Scandies Rose 130-foot crabber lost, Five missing

Coast Guard crews are searching for five people in the water Wednesday after the Scandies Rose, a 130-foot crabber, sank near Sutwik Island, Alaska.

Scandies Rose, a 130-foot crab fishing vessel homeported in Dutch Harbor, sank at approximately 10 p.m. Tuesday with seven crew members aboard. Two survivors were rescued, five crew members are still missing. The vessel’s last known position was 170 miles southwest of Air Station Kodiak.

Coast Guard Air Station Kodiak aircrews have launched. The helicopter crew arrived on scene and hoisted two survivors from a life raft. Coast Guard Cutter Mellon (WHEC 717) was diverted from the Bering Sea and is expected to arrive on scene Wednesday evening.

The mayday call from Scandies Rose came in at approximately 10:00 p.m. Tuesday and was immediately relayed to the command center for search and rescue coordination.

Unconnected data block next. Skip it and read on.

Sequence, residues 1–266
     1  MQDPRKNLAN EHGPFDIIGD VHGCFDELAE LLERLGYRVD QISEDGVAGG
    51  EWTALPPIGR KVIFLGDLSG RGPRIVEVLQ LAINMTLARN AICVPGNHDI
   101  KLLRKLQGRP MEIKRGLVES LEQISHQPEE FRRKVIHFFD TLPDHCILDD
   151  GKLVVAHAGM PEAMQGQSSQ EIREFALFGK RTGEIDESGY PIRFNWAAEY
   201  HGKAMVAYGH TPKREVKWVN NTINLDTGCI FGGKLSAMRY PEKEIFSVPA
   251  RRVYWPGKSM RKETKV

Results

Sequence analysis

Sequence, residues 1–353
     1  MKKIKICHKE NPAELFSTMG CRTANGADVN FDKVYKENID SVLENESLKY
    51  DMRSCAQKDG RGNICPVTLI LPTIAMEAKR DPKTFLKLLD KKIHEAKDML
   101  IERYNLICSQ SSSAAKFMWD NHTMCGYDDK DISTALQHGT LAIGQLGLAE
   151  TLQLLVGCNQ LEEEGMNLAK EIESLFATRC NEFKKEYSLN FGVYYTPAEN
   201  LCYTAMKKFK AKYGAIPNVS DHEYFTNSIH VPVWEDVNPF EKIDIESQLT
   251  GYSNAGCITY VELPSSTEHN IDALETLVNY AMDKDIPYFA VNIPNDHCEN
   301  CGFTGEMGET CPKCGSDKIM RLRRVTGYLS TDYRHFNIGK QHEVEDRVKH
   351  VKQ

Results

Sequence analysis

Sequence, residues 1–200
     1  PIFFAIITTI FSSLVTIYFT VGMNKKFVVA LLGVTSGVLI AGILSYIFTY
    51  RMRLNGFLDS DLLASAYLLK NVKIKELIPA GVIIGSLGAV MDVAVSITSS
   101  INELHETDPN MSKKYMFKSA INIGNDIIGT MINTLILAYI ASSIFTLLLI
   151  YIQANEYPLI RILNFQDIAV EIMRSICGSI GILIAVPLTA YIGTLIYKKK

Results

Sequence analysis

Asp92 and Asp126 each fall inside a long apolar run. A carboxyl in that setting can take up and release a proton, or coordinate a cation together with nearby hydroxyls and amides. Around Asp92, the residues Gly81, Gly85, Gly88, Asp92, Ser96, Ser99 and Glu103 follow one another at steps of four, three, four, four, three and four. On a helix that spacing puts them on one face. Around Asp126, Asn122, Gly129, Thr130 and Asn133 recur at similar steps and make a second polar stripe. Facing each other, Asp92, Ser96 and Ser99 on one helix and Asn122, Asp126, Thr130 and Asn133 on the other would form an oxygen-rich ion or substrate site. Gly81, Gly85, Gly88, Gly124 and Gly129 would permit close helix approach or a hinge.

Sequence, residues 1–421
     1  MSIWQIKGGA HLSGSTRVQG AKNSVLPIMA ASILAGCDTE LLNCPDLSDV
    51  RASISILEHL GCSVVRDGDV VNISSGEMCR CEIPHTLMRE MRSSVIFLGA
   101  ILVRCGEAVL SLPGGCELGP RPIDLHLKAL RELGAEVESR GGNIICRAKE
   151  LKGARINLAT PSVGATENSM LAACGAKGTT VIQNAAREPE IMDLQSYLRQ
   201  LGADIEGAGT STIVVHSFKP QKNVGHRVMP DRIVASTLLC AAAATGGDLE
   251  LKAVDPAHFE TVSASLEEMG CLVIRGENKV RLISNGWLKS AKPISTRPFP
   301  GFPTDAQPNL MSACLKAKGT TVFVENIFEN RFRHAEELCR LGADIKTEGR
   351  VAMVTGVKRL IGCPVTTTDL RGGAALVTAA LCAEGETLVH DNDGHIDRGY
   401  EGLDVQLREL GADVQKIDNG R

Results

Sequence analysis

“We are conducting an extensive search in a 300-square mile area to locate the five missing persons from the Scandies Rose,” said Lt. Wade Arnold, command duty officer at 17th District command center.

Weather on scene is in excess of 40 mph winds, 15 to 20 foot seas and one mile visibility.

by Tom Evans, Injury at Sea.

Tom Evans is a SEATTLE MARITIME INJURY LAWYER handling all aspects of maritime injury at sea… including shore side situations.
Injury at Sea Seattle Maritime injury attorneys provide legal representation worldwide for injured fishermen, deckhands, officers, merchant mariners, factory trawlers, crabbers, ferry workers, longshore, all branches of the merchant marines, cruise ship, oil rig workers and recreational boater injuries. Also including longliners, deckhands, processor, factory workers (in the factory and on the trawler) coastguard licensed.
They work with highly qualified marine safety investigators, naval experts, injury experts, Board-certified medical personnel and health care providers, physical capacities experts, and job experts, representing anyone injured at sea or in a maritime situation, to get compensation for present and future losses.

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